Help Viktor and Yuri Get Adopted
It’s midnight in America. As we lay sleeping, the sun is dusting a half-curtained window far away. If you looked through that window you would see a line of cribs. Little heads are slowing raising. In the midst of these children are two tiny boys. One named Yuri and one named Viktor. Yuri crawls to the edge of his crib and pulls himself up to watch the rays of sun tumble to the floor. Viktor remains seated, but he clutches the bars of the crib and moans, rocking back and forth in his childhood prison.
The sun is a cruel beauty to both of them. It lightens the trees and overgrown grass in the yard; it lightens beyond—beyond where they will never see.
The sunshine flaunts the world in front of their faces, taunting them of joy and love and laughter they will never have. Taunting them about the roads that lead elsewhere—roads that lead away from barred prisons for seven-year-olds.
Viktor cries out into the empty stillness. No one answers—of course. He cries out again—yelling for the dream of a rescue that has nearly faded from his mind. He shifts his twisted ankles beneath him and stares out the window at the world that disabled Ukrainian children are shut out from.
Yuri lays back down in his crib. His sweet eyes become vacant as he fixes them on the ceiling. Nobody would know what he was thinking—if he even is. There is nothing to think in this place. And, by the time you are nearly seven, you certainly should have run out of hope. By that age you aren’t the cute kid with shining eyes who captures hearts with dazzling smiles. In fact, it’s a small miracle if you know how to smile anymore. No, by this age, your body is becoming twisted from needed but never received surgeries and therapies and lack of food. Your ribs show like you have spent your years in a concentration camp…and, in a way, you have. Eyes, glimmering with the last dying flecks of hope, sweep over the window and the lengthening morning. Another day has begun.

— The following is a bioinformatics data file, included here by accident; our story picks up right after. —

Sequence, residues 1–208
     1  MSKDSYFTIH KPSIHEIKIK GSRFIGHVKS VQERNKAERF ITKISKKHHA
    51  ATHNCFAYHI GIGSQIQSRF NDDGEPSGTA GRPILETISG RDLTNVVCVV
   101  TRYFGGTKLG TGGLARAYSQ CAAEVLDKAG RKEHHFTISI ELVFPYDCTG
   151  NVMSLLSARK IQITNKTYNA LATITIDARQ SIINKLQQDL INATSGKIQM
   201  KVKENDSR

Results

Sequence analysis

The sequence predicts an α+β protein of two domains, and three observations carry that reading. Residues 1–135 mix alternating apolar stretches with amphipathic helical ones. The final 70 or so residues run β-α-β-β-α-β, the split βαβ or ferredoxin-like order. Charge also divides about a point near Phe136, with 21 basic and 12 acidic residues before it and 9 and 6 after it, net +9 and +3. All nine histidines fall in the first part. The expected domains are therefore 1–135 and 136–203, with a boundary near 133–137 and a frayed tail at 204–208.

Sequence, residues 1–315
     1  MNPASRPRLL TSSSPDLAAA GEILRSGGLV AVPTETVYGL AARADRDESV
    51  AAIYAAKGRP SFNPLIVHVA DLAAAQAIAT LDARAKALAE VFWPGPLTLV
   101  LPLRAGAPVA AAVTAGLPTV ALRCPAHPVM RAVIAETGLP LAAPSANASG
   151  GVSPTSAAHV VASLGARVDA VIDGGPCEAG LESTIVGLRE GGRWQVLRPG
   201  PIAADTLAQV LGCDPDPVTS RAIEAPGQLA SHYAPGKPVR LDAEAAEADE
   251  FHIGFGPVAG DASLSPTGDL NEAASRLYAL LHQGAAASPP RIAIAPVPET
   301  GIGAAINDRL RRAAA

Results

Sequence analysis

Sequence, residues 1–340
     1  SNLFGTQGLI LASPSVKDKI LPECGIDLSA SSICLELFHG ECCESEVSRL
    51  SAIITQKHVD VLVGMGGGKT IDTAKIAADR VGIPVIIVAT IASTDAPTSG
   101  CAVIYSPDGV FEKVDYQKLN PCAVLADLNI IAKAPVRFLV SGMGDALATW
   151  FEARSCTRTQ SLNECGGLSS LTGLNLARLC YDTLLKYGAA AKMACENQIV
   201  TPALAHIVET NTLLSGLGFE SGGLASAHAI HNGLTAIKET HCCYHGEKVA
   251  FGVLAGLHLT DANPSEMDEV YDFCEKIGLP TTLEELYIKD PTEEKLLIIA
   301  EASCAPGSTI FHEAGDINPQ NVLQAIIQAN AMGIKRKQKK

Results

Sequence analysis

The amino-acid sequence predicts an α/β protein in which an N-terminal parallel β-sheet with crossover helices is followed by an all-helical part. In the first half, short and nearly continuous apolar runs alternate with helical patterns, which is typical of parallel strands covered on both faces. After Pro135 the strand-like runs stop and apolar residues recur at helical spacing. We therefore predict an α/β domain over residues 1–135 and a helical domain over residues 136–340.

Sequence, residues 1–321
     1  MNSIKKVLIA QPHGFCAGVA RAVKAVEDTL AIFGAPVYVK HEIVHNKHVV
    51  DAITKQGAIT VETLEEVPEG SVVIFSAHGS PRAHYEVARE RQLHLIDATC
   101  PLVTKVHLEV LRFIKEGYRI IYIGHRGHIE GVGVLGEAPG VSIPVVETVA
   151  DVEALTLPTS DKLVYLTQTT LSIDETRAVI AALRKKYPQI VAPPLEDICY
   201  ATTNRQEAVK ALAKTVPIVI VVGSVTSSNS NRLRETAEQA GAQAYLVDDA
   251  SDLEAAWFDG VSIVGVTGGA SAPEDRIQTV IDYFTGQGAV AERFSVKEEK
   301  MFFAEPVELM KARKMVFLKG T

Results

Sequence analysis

When I met Viktor and Yuri in 2011, I was appalled at the conditions in their orphanage, although I knew what to expect. Still, knowing and seeing are different. Holding the hands of 15 pound six-year-olds and watching little children screaming as they slowly went insane from being ignored and starved, dug its way into my breaking heart. I came back to America knowing that I would do all I could to find adoptive families for three of those children. Those three? Viktor, Yuri, and Katia. After months of advocating on my part, a family stepped forward for dying Katia and brought her home. The changes in this child are amazing. She is no longer dying—no, she is healing. But there is no healing going on for Yuri or Viktor. They remain, banging their crippled bodies against cribs, begging for freedom. Begging for love. Love that may just never come.
Yuri is turning seven this summer. His special needs include microcephally and cerebral palsy (although he is capable of being VERY active; crawling, walking—even escaping from the cribs and I do doubt that diagnosis). He also has many mental issues…what can you expect from a child who has never been spoken to or held? Viktor is turning seven, too. He has Down syndrome, microcephally, spastic tetraparesis, and partial atrophy of the optic nerves. He has deformed ankles. They didn’t seem to bend. I received an update summer 2012 that he had gotten an operation on his ankles, though!
I just received word that Yuri is being sent to an institution for older children. I knew that this was going to happen, being that he is aging out of the “baby house”, but, still, the news brought tears to my eyes. Statistics in these institutions are appalling. In some, almost no children escape death. It can also be harder to adopt from these places. The orphanage asked if there was an adoptive family for Yuri. If there was, there is a chance they could try to keep him at the orphanage until the family arrived.
There is no family.
A few days ago a man contacted me and told me that he would be would be willing to donate a few thousand—a few thousand—dollars towards Viktor’s adoption if a family stepped forward.
But there is no family.
And as the days pass, time is ticking down—ticking out—for these two boys. I have tried. I have tried to get the word out, tried to find people who could take care of these children; people who were ready to take on the lifelong responsibility of adopting a child with severe special needs. Yes, I have tried, and, for Yuri and Viktor, I have failed.
That’s why I need help.
Please—send out an email to everyone on your contact list, call up a friend, make a Facebook post or a blog post. Pass on Yuri and Viktor’s stories. If you want to do even more, but cannot adopt one of the boys yourself, send me an email at mckennaugh [at] inbox [dot] com with a pledge of an amount that you would be willing to donate towards one of the boys’ adoptions, if they received families. Whatever you do, do it now.